The second day of Surajkund International Craft Mela 2017 in which Jharkhand is participating as the theme state, began with the display of ‘Santhal,’ interacting with people who visited the mela with its specialities in art and culture.The tribe exhibited through its actions and body languages, its nature and how it effects their lives and basic amenities. The ‘Santhals’ did not fall behind in displaying their belief in sustainable development. Also Read – Add new books to your shelfThe tribe were also in full display as to how their traditions are celebrated and language is spoken to effectively communicate their cause with folks, in and around, which the visitors enjoyed and relished the most in the Surajkund mela.Santhal tribe is the third largest tribe of India, belonging to the pre-aryan period. They were great fighters who waged war against the British in 1855. They speak Santhali belonging to the Austro-Asiatic lingua family.The participating ‘Santhal’ community in exhibited their preferences in terms of food which is largely rice and as to how it is served to the guests who visit them at Jharkhand. This exhibition of acceptance was also enjoyed by the spectators who came to the second day of Surajkund International Craft Mela.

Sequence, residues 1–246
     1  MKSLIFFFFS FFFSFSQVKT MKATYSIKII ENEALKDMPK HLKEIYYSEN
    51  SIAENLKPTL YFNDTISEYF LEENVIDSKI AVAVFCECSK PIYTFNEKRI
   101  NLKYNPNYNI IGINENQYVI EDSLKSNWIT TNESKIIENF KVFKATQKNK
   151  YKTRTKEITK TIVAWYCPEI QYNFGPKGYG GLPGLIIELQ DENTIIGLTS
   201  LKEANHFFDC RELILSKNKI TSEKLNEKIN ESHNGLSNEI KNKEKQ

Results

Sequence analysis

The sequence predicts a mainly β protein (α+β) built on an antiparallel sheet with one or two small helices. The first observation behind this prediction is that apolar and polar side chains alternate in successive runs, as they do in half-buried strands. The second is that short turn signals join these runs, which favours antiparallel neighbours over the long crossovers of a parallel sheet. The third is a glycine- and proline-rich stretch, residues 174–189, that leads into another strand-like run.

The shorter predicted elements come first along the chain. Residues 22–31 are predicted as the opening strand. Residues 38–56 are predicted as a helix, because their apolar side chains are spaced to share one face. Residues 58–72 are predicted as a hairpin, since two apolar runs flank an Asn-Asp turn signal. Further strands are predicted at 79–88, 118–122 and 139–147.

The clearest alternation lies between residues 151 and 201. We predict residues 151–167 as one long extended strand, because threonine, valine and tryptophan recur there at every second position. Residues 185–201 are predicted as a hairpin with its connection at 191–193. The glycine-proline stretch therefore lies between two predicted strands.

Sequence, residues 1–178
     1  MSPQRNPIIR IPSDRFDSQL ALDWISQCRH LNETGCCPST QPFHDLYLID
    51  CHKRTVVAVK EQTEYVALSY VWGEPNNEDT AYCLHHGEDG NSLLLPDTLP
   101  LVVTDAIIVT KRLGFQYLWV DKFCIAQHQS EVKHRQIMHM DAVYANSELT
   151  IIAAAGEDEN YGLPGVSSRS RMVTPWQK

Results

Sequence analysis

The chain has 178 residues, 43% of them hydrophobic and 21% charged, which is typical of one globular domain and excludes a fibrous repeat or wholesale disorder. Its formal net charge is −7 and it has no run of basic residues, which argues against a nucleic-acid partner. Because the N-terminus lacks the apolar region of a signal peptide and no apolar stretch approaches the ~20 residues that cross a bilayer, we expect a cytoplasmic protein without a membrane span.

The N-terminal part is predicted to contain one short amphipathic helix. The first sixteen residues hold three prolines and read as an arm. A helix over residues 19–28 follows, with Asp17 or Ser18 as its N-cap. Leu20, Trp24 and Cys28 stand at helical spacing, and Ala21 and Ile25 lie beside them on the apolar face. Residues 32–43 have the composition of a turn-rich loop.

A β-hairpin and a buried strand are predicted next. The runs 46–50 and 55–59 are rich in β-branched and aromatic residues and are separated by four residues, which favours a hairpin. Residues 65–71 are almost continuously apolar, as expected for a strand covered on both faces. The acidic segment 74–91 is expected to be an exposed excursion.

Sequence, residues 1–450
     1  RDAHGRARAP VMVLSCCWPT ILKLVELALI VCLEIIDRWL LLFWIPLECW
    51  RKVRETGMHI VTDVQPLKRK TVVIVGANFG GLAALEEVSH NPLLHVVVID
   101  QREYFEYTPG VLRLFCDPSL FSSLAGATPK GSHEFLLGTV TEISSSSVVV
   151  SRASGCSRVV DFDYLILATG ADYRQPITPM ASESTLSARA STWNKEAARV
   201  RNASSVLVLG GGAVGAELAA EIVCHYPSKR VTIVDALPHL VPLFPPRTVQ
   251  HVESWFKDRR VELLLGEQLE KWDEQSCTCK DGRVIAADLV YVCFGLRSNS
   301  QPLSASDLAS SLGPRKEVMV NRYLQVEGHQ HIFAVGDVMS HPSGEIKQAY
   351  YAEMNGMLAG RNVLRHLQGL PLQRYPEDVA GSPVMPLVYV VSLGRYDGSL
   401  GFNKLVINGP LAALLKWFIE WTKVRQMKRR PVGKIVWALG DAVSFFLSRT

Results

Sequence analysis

Kolkata: Rains and hailstorm accompanied by strong winds lashed various parts of the city on Sunday evening, bringing the mercury down by a few notches.The hailstorm hit several parts of the Northern fringes of Kolkata, some parts of Rajarhat and New Town and its adjacent areas in the evening. In some parts, excited people took to social media to share pictures of roads covered with hail. A tree fell on a taxi at Shyambazar, halting traffic for a while. Also Read – Bose & Gandhi: More similar than apart, says Sugata BoseSome persons have reportedly been struck by lightning in different parts of the state. The city also received moderate rainfall that lasted for nearly an hour. Winds measuring around 50-55 km per hour swept through various South Bengal districts. The traffic movement in some parts of the city slowed down following the rain. Districts like Purulia, Bankura, West Burdwan, Jhargram and West Midnapore witnessed heavy thundershower during the evening hours. The temperature may hover around 33 degree Celsius during day time in the next 24 hours but the mercury is expected to slide down during the evening. Also Read – Rs 13,000 crore investment to provide 2 lakh jobs: MamataAccording to the Regional Meteorological Centre at Alipore, two low pressure troughs have formed over Chhattisgarh and Maharashtra each. The low pressure troughs are expected to gain strength and as a result, various South Bengal and some North Bengal districts may receive rainfall in the next 24 hours. In the past 24 hours, the highest temperature of the city was recorded at 32.5 degree Celsius, while the lowest temperature touched 23.5 degree. The Met department had already predicted rainfall in various parts of South Bengal on Sunday and Monday. The sky may remain cloudy in some parts in the next 24 hours. A couple of days ago, various South Bengal districts had witnessed light to moderate rains due to the impact of both Western disturbances and a wind which was blowing towards the West. It may be mentioned here that the people in the city and also in some South Bengal districts started feeling comparatively hot in the past two weeks, as the mercury started to rise. People were also experiencing discomfort as the humidity level was also on the higher side during daytime.